5

I'm Java SE/EE developer, but beginner in Scala. In Java, when I have some private fields which should be accessible to other code, I use getX()/setX() classic style of getters/setters. However, not sure how about Scala. I noticed that in Scala, naming convention of getter/setter for field is to use the same name as the field's one. So is it OK to simply set the field public, or should I use this style of getter/setter?:

private var _value = .....
def value = _value
def value_= (newVal:Int) = _value = newVal

Is it OK (according to scala naming convention) to put underscore before the field name itself?

Thank you.

23

The Scala Style Guide covers this quite nicely.

For accessors of properties, the name of the method should be the name of the property.

Scala does not follow the Java convention. Scala promotes the view that a caller should not be able to tell the difference between a field access and a method call, which means that the convention is to give them both the same name; thus reducing the amount of code change required should a field be changed to a method or visa versa.

Is it OK (according to scala naming convention) to put underscore before the field name itself?

Scala convention is to prefix fields that we want to be private that otherwise have the same name as a public method, or to postfix it with a zero. Either approach is acceptable.

private var _value = .....
def value = _value
def value_= (newVal:Int) = _value = newVal

However, given this example the extra lines are not necessary. The convention exists so that we can use this shorter version and then change it later to the more explicit version when/if we need to without having to make changes at every call site.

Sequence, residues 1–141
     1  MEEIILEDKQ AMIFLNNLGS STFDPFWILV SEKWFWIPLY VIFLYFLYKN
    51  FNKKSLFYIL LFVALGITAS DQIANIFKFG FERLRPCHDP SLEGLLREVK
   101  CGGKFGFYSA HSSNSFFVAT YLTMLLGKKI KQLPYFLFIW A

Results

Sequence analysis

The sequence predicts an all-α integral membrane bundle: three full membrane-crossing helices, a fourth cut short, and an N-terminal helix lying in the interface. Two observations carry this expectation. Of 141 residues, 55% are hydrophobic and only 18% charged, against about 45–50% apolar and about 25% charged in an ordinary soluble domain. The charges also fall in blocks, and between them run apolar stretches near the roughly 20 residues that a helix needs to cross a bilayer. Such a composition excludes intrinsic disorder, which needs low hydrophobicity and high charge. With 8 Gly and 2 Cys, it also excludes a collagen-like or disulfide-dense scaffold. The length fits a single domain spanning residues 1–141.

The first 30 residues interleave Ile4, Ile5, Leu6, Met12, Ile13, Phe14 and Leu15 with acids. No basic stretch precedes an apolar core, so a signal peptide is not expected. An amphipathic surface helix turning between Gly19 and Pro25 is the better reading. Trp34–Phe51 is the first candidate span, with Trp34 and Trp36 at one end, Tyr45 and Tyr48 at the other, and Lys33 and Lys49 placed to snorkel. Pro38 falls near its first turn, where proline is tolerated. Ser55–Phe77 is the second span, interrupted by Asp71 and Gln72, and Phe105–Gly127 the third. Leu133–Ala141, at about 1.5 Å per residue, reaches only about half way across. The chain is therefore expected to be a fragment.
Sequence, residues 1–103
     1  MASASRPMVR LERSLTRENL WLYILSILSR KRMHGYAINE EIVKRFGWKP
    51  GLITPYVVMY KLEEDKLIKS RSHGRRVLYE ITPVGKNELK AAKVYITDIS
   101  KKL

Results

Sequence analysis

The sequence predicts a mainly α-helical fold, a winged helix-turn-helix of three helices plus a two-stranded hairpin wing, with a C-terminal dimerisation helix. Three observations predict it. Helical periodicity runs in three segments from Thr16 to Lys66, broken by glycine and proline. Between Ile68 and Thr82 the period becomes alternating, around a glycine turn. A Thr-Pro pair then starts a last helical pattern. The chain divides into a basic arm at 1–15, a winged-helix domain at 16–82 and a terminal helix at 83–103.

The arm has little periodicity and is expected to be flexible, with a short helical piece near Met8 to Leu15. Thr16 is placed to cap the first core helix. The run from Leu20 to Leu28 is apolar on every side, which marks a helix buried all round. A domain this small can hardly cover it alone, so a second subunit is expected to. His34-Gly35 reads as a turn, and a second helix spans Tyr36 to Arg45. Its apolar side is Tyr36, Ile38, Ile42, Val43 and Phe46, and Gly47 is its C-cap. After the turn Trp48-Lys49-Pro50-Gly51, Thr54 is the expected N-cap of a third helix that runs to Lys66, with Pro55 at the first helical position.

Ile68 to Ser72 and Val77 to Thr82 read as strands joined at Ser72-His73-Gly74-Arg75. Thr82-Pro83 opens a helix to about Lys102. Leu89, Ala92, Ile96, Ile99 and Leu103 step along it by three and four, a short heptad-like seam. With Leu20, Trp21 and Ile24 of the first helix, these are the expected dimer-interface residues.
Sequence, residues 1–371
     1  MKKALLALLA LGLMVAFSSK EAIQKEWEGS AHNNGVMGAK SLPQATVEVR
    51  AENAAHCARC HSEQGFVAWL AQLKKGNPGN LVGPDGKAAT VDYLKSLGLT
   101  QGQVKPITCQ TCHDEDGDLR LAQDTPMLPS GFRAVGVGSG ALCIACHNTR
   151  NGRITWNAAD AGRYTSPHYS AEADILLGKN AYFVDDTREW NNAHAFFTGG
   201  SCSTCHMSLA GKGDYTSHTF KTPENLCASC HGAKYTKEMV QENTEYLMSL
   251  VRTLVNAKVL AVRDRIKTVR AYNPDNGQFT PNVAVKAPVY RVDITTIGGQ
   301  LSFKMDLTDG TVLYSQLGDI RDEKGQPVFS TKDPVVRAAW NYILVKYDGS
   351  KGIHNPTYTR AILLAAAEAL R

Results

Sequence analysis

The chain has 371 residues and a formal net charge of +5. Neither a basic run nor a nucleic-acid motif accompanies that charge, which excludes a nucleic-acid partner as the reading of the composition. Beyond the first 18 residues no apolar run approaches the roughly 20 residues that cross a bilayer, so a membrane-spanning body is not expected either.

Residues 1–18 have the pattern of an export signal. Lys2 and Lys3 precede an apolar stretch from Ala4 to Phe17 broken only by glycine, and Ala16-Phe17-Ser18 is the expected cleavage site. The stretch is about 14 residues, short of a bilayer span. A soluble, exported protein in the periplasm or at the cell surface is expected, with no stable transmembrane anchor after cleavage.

var value:Int = 0
  • Further to this, Scala provides the Uniform Access Principle on member properties by default without having to explicitly write the code. Java requires you to know/choose to be UAP convention compliant and then write the code too. – pds Apr 8 '17 at 15:12
  • 4
    Well I don't know what Odersky was thinking when designing this nightmare. It's like the worst syntax and recommendation in all history of programming languages. Underscore after a name as a setter? It just couldn't be more cryptic – user219882 Feb 22 '18 at 8:40
  • @user219882 Perhaps he wanted to discourage use of setters? I completely agree with this. – Someguy Sep 13 '18 at 15:47
5

According to the Scala docs:

Scala does not follow the Java convention of prepending set/get to mutator and accessor methods (respectively). Instead, the following conventions are used:

  • For accessors of properties, the name of the method should be the name of the property.
  • In some instances, it is acceptable to prepend “is” on a boolean accessor (e.g. isEmpty). This should only be the case when no corresponding mutator is provided.
  • For mutators, the name of the method should be the name of the property with “_=” appended.

Example:

class Foo {
  def bar = ...
  def bar_=(bar: Bar) {
    ...
  }
  def isBaz = ...
}

Your Answer

By clicking “Post Your Answer”, you agree to our terms of service, privacy policy and cookie policy

Not the answer you're looking for? Browse other questions tagged or ask your own question.